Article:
(Part one of two.) The spike in volatility seen during a busy September, with meetings of the major Central Banks (CBs) taking place, reveals unsettling dynamics that could potentially break the long period of complacency that has characterized markets in recent times. In the past nine months, almost all asset classes have delivered positive returns. The slow, but steady reflation of risk assets and the slow, but steady decline in yield curves across the globe have been the result of the ongoing financial repression, which the expansionary monetary programs of Central Banks continue to nourish.
In our view, we are now experiencing a moment of truth: financial markets are questioning the ability of CBs to boost output and inflation, while CBs are starting to hint that they cannot deliver stimulus forever. Hence, the forces compressing risk premiums could lessen and, just as when a long-lasting love affair starts turning sour, re-pricing may be fast and painful.
Several years after the financial crisis began, CBs continue to remain virtually the only game in town. Current unconventional monetary policies were designed for extraordinary periods of crisis management (the great financial crisis, the sovereign crisis in EU) but, with interest rates close to zero, CBs extended these programs into more ordinary times, in order to pursue their objectives (full employment and/or inflation depending on their mandate).
In September, Markets Started to Question Central Banks’ Action
Sources: Bloomberg, Pioneer Investments, Data as of September 15, 2016.
To us, the unintended consequences of this extended period of unconventional policies is becoming a matter of concern. Low yields and flat curves on one side and the high cost of equity capital on the other are distorting capital allocation decisions. Capital expenditures have languished, companies have preferred to utilize cash via M&A and buy backs, and the absence of investment is depressing productivity and lowering the long-term growth potential of economies. In financial markets, flows have been driven by the search for yield rather than the search for value, generating areas of asset inflation especially in the credit market. Yield curves are flatter as a result of CBs’ Quantitative Easing and negative interest rate policy, and banks’ margins are getting squeezed. Side effects are cascading through the entire economy, particularly banks, and have exacerbated the income divide. The richest share of the population has become richer, benefiting from financial asset inflation. The remuneration of labor has lagged behind the remuneration of capital. Wage growth is stalling and populist waves are emerging almost everywhere as an answer to this discontent.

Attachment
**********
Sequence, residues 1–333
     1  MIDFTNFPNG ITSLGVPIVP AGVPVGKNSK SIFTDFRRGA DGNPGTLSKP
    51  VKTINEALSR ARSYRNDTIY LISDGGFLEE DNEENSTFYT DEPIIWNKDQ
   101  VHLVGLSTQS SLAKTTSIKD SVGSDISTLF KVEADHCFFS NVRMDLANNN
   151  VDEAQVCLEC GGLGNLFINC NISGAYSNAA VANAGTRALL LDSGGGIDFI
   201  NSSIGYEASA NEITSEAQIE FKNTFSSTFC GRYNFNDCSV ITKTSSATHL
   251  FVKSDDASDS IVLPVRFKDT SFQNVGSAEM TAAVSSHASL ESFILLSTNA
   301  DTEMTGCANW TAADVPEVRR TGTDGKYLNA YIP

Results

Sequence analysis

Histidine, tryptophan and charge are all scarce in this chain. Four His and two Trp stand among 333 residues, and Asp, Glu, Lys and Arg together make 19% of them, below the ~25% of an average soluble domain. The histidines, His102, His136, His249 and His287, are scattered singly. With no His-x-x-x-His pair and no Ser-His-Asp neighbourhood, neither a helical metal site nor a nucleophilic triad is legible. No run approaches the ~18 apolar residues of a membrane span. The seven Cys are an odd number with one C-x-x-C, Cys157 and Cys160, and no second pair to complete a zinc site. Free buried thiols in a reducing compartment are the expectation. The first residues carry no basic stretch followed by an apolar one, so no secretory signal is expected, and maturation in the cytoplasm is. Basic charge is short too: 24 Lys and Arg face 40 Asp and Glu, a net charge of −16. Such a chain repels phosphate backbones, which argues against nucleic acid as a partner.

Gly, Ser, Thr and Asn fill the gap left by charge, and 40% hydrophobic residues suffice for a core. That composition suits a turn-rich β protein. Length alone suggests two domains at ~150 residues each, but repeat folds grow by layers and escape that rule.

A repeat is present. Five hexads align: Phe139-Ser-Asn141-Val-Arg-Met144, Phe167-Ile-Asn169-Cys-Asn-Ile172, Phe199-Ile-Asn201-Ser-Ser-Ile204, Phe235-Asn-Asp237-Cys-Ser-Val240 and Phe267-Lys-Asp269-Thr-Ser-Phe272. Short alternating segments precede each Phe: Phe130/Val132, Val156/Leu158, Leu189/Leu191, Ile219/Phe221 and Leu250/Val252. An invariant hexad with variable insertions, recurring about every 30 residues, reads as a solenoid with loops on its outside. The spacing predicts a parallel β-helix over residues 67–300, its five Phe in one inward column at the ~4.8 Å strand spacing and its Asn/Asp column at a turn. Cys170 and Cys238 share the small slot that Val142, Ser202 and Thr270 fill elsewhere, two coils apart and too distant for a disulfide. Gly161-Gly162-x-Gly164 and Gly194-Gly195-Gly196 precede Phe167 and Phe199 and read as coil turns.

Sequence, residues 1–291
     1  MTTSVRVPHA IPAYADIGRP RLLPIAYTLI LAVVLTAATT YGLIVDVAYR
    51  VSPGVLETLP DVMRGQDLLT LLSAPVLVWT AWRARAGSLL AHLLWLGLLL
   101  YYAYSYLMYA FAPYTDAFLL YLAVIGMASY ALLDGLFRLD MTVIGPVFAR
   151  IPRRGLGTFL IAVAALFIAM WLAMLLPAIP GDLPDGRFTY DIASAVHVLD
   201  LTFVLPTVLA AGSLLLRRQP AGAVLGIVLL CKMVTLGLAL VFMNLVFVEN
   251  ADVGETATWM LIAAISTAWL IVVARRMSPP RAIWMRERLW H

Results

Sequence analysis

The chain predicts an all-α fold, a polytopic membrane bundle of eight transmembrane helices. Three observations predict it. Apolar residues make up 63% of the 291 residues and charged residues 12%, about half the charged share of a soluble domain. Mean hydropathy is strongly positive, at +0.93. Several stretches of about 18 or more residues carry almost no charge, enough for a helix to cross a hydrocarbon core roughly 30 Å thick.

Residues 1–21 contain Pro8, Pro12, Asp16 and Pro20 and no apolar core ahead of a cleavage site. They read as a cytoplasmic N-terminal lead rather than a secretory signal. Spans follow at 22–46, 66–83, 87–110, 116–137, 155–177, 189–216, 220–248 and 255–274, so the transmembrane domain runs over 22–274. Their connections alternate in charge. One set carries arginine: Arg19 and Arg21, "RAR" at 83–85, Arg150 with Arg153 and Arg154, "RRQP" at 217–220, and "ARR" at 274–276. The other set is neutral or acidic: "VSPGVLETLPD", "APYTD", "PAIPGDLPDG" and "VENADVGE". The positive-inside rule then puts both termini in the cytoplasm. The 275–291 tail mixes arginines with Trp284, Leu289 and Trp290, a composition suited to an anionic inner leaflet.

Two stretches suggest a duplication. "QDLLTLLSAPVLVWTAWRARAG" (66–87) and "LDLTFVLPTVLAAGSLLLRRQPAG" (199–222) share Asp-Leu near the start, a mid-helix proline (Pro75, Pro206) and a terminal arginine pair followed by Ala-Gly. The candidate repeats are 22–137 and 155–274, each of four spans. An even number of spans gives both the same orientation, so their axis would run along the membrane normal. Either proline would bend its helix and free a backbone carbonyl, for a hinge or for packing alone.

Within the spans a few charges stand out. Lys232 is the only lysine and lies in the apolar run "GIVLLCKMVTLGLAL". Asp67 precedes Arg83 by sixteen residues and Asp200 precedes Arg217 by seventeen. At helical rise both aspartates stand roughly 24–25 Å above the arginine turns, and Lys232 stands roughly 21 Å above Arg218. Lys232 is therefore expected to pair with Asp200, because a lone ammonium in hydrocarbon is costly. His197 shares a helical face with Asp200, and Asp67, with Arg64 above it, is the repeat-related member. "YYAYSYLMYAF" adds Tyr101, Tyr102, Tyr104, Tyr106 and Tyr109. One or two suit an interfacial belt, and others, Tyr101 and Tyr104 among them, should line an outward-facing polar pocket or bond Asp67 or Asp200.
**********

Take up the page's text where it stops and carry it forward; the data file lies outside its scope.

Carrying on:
Side Effects of Central Banks’ Prolonged QE
Sources: Bloomberg, S&P, Pioneer Investments, Data as of September 16, 2016. EPS is 12-month real earnings per share inflation adjusted, constant. S&P (current values) and R. Shiller (historic values). EPS means earnings per share.
We are at a point at which CBs are asking for still more time to see the outcomes of their experimental approaches, but we see a risk that the markets’ patience is over. Markets are wondering if the marginal benefits of current monetary policies truly surpass the marginal costs – as Central Banks continue to assert. The weakening of investors’ trust may be powerful enough to open the door to painful volatility.
Moreover, we don’t expect there will be increased policy coordination going forward. That is more a feature of truly exceptional times, when a specific event requires a fully synched up intervention. We see each CB as operating according to its specific goals and utility function. The ECB, we believe, will continue to expand its QE program due to its concerns about low inflation. The Bank of Japan (BoJ) could increase its bond purchases and go progressively negative in rates, in light of anemic growth and the absence of inflation. The Fed will prepare market participants for a hike in December if data continues to bear out the view that the US economy is strengthening materially. The Bank of England (BoE) will probably continue to over deliver, leading to the risk of cutting rates in the midst of accelerating inflation due to the pound’s devaluation. Unlike the ECB and BoJ, the Fed and BoE seem reluctant to engage in negative interest rate policies.
From an investor point of view, we believe it’s time to consider unconstrained solutions, diversifying investment approaches that allow for flexibility in a world where financial markets love for CB may start to wane.